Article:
Why It Works
- Crushed ice chills the drink rapidly and keeps it cold.
- Crème de cacao delivers more than enough sweetness on its own, so no extra sugar is necessary.
Twisting the classic mint julep idea just a bit, this variation substitutes crème de cacao for the sugar. It's a liqueur that's sweet enough to do the work of the sugar, while adding a chocolate flavor that pairs perfectly with both the vanilla-caramel bourbon notes and the fresh mint.
Your best bet is a good-quality crème de cacao that has a true chocolate-and-vanilla flavor, not a cloying, artificial one; one of the best is Tempus Fugit. Do bear in mind that this version of a julep leans a little on the sweet side, a natural consequence of its overall sweet flavor profile.
10 mint leaves, plus a generous bouquet of mint sprigs for garnish
1 1/2 tablespoons (22ml) crème de cacao, preferably Tempus Fugit or another high-quality brand
2 ounces (60ml) bourbon or rye whiskey (see note)
Crushed or shaved ice
In a julep cup or large rocks glass, gently muddle mint leaves until lightly bruised, then swab the glass's sides with the mint's aromatic oils. Add crème de cacao and bourbon or rye and stir well. Half-fill glass with crushed ice and stir to combine. Fill glass completely with crushed ice and stir until outside of glass frosts. Add more crushed ice, heaping generously, then garnish with sprigs of fresh mint. Serve, adding a short straw if desired so that the fragrance of the mint bouquet will greet the drinker with each sip.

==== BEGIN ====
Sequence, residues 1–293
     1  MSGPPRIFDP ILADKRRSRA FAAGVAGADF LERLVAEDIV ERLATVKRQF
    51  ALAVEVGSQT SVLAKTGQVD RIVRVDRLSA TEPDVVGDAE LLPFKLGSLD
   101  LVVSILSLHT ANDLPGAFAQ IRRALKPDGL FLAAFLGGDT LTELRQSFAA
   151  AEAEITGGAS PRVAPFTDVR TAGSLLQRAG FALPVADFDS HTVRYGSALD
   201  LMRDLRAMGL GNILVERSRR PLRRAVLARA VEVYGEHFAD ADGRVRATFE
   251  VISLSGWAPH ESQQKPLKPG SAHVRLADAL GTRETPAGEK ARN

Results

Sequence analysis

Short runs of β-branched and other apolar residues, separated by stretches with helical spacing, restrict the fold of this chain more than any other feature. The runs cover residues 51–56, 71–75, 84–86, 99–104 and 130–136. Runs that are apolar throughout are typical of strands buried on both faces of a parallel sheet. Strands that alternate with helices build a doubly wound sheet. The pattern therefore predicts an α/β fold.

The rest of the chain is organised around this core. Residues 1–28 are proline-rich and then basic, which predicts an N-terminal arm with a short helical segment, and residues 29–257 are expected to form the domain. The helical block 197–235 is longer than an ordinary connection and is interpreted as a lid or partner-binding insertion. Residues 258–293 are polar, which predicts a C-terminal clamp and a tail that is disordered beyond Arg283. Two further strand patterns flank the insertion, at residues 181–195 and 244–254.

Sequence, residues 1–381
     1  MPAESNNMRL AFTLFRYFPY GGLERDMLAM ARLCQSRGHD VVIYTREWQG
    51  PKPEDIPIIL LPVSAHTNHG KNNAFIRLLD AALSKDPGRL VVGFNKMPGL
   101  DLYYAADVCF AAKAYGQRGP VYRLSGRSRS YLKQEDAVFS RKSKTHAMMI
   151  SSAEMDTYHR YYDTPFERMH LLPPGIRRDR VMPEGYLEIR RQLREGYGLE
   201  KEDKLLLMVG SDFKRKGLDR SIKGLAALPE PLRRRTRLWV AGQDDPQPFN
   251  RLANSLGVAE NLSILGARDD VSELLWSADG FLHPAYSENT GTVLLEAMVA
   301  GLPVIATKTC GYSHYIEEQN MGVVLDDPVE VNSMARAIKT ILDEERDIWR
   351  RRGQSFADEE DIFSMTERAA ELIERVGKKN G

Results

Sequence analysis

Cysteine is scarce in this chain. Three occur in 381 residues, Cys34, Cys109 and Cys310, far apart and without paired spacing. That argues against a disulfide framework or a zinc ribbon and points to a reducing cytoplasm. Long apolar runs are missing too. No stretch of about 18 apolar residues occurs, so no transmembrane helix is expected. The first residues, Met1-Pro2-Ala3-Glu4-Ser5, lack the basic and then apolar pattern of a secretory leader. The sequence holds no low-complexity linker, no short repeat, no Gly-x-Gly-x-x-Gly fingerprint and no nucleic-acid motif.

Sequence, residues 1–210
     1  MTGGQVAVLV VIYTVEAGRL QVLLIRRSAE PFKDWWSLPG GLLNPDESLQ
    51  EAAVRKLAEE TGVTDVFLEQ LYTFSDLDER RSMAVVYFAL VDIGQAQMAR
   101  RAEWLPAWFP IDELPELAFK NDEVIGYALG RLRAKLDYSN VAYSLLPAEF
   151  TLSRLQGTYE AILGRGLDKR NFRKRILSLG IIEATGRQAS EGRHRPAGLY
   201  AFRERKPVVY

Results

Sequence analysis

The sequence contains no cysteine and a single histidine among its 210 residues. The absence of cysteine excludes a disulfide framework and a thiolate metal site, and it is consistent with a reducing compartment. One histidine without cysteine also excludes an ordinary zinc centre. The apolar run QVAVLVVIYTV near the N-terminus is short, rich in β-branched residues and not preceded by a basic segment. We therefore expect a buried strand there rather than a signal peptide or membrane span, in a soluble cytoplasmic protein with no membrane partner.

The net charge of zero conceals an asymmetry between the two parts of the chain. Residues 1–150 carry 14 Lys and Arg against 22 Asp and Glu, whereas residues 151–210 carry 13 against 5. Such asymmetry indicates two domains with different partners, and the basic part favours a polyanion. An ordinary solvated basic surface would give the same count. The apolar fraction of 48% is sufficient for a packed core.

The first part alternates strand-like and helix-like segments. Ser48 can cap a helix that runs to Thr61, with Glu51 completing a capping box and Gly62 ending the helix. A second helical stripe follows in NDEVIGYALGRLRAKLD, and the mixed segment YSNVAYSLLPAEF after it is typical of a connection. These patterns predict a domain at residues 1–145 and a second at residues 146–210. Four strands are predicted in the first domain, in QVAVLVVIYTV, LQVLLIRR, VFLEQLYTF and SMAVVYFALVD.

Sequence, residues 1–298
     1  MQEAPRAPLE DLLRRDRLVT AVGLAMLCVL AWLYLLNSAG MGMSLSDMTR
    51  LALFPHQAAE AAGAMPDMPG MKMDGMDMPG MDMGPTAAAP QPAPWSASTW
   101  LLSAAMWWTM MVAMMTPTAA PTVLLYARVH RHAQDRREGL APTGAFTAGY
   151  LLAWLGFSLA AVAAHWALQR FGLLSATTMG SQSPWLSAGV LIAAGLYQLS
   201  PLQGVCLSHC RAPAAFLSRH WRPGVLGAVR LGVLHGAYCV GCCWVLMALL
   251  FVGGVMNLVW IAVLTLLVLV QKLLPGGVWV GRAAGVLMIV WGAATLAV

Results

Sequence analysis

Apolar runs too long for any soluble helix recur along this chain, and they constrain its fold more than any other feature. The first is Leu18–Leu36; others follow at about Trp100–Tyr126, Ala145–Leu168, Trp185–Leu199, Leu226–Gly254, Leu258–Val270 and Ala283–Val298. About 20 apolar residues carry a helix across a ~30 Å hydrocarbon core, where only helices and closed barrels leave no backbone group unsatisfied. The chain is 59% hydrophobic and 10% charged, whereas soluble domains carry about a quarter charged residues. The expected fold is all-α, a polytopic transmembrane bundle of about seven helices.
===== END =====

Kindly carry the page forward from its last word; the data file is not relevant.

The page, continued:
Rye tends to be less sweet-tasting than bourbon, which you may prefer if you find the combination of chocolate notes and bourbon a little too sweet. It's a matter of personal taste, but worth experimenting with if desired.
Muddler, Lewis bag, julep cup or large rocks glass
This Recipe Appears In
|Nutrition Facts (per serving)|
|Amount per serving|
|% Daily Value*|
|Total Fat 0g||0%|
|Saturated Fat 0g||0%|
|Total Carbohydrate 11g||4%|
|Dietary Fiber 0g||0%|
|Total Sugars 10g|
|Vitamin C 0mg||1%|
|*The % Daily Value (DV) tells you how much a nutrient in a food serving contributes to a daily diet. 2,000 calories a day is used for general nutrition advice.|